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i had a pair of awesome ones like this but i only did 400 gallon pond (whihc jr and i dug by hand and had fun doing together) and they got to be 16 inches so i had to release them at the local duck pond which is not filtered) with all the others there....

the deal is that a baby butterfly like this would be 25 to 75 dollars, but at 16 inches it's 2 grand.... at 36 inches it can lay 100,000 eggs at whack but inly a couple will be great fish so you have to do aloto f culling. great looking babys can grow out of it nad become plain adualts, but rarely do plain looking babies become great looking adults.. raise a hundred get a couple reall good ones..

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raybond
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I had a neighbor that raised koi he had a regular fish pond. One day the cranes found them and that was the end of his koi.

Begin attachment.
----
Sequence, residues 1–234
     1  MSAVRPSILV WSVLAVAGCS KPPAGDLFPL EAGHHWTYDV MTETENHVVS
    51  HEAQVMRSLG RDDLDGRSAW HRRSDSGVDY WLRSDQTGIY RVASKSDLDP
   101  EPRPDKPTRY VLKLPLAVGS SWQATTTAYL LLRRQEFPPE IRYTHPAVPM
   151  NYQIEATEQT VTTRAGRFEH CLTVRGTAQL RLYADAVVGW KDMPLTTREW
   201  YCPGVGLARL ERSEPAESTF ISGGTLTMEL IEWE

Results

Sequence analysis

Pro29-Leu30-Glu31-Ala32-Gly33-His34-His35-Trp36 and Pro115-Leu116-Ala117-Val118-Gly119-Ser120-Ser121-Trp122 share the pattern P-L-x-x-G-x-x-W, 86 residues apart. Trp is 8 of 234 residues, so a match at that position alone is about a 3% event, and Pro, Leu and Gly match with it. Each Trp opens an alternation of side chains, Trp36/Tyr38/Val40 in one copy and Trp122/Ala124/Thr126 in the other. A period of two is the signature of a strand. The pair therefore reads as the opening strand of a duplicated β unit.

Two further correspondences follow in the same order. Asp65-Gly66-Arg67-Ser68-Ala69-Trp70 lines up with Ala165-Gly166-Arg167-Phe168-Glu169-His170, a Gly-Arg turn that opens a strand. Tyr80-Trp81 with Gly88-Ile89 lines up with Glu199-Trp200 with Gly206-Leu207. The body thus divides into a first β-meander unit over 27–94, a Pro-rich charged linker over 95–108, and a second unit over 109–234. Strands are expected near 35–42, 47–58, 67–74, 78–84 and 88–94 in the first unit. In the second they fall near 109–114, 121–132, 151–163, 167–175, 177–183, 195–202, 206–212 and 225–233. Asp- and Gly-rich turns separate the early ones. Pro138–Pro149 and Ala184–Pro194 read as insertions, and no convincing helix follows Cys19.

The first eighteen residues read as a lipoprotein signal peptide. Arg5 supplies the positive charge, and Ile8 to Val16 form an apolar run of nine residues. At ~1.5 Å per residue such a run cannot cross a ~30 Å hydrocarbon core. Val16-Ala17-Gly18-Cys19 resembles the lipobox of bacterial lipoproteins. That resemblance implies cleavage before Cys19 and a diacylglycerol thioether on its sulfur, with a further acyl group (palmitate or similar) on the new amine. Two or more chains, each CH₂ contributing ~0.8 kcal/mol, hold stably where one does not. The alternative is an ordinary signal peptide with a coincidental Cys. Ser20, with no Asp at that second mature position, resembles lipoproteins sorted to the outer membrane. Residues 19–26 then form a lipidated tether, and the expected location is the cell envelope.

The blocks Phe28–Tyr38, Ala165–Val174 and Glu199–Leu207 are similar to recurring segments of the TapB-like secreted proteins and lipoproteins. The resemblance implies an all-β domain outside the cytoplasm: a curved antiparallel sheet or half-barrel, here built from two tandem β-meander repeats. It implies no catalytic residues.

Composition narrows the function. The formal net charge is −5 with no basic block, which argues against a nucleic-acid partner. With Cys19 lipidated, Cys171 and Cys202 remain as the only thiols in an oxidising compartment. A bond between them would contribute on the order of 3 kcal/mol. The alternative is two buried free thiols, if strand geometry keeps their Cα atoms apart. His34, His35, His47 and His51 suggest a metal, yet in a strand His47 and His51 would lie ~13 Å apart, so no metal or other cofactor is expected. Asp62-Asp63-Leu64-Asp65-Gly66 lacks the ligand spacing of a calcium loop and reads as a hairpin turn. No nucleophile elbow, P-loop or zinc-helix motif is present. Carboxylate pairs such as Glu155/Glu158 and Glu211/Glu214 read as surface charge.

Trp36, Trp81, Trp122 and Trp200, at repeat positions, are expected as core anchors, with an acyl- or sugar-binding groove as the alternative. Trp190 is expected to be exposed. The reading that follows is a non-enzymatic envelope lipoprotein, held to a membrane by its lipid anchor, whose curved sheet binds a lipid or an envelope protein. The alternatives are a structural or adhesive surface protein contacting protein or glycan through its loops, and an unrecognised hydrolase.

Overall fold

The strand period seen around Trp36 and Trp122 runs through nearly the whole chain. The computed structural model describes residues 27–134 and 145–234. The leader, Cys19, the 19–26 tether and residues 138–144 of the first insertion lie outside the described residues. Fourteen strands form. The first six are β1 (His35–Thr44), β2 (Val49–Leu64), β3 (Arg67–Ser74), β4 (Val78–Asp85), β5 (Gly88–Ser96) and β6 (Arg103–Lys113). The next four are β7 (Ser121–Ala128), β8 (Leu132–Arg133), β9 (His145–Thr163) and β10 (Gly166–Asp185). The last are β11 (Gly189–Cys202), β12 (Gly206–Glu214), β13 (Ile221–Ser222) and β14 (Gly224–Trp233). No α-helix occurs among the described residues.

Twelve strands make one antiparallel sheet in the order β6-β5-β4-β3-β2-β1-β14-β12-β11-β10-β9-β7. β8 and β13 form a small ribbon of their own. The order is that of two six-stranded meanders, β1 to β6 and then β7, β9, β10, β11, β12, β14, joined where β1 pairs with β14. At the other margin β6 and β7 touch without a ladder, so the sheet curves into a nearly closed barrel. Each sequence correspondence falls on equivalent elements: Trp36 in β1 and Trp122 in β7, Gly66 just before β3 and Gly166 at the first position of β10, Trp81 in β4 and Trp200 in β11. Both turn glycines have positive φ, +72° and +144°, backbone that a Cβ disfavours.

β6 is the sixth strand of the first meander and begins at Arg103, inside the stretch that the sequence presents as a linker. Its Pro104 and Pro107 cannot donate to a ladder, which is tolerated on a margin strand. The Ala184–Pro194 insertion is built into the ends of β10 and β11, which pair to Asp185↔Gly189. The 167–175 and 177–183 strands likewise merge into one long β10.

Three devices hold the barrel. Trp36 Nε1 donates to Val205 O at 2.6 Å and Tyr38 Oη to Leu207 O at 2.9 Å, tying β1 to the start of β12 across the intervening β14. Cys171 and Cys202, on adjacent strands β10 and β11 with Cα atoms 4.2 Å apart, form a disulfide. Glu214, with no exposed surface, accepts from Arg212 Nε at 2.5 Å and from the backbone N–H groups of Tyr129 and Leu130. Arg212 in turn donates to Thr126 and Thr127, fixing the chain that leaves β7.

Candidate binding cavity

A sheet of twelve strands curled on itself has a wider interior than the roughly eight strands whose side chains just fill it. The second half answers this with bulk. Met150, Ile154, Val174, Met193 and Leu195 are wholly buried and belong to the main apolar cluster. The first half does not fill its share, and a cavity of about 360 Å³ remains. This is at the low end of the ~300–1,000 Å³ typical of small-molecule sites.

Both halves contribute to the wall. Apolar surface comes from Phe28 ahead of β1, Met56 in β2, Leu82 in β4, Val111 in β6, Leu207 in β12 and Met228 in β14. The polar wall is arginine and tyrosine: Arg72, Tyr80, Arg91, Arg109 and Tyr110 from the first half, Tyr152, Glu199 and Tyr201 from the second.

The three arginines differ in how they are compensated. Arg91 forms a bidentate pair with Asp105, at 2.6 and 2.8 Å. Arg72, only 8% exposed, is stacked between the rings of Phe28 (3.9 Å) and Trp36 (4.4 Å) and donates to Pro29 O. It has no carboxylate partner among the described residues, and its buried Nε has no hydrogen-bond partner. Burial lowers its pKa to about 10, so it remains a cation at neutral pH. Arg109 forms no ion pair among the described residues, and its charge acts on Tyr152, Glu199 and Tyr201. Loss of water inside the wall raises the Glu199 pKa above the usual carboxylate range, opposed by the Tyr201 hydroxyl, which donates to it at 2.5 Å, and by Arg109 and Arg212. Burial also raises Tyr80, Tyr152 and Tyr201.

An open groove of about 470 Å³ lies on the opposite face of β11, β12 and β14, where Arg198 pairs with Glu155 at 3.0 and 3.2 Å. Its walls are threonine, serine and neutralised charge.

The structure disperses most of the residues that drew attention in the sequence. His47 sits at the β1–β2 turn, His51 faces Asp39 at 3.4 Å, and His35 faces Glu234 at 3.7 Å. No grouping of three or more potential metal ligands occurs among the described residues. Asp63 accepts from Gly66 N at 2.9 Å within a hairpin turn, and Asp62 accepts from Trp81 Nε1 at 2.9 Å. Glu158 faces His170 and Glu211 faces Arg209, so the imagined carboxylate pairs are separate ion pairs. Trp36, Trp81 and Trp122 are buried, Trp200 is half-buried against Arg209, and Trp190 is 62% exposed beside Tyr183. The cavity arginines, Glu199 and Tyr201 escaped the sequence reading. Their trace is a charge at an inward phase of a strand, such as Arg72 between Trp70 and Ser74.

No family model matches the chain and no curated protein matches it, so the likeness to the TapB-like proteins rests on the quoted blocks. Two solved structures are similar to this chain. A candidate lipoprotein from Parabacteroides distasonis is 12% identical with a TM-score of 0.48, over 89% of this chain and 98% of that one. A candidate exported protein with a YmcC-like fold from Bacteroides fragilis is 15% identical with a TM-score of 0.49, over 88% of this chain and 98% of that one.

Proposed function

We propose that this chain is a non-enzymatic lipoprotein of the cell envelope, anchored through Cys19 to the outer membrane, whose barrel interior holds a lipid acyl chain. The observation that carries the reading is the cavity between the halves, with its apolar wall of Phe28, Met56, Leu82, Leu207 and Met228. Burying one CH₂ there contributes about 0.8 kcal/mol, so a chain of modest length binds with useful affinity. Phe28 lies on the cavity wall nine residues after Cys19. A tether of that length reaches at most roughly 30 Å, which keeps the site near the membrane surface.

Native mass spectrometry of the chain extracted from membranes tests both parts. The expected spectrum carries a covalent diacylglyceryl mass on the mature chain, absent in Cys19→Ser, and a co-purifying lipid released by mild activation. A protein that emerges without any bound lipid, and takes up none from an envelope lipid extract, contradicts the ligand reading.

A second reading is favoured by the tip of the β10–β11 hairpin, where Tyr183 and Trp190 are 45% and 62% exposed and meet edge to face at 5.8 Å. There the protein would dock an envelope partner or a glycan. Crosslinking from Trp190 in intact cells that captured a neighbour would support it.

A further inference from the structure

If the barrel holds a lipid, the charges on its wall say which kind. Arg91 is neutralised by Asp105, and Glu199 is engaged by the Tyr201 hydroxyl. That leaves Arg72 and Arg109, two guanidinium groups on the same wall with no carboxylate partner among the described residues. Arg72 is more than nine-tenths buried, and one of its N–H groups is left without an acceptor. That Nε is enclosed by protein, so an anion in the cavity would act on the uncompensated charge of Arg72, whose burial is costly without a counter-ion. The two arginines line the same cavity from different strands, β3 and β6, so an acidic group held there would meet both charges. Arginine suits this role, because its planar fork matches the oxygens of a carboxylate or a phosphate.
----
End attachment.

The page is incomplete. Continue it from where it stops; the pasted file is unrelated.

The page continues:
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glassman
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cranes, and herons yes evil critters, i have bottle rockets always ready for them... however, a 16 incher won't be eaten by any but he very largest cranes.

you have to put clay pots in the water foe the koi to retreat to, and they will... they aren't really dumb just peaceful...

they will eat right out of your hand too...

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Don't envy the happiness of those who live in a fool's paradise.

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glassman
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here's a pic ofthe buttterfly koi
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they supposedly origninated from a variation here in the USA, but i suspect they may have been raies in other times and places too... genetic variations tend to recur.

the ones i prefer have two toned scales and metallic background...

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CashCowMoo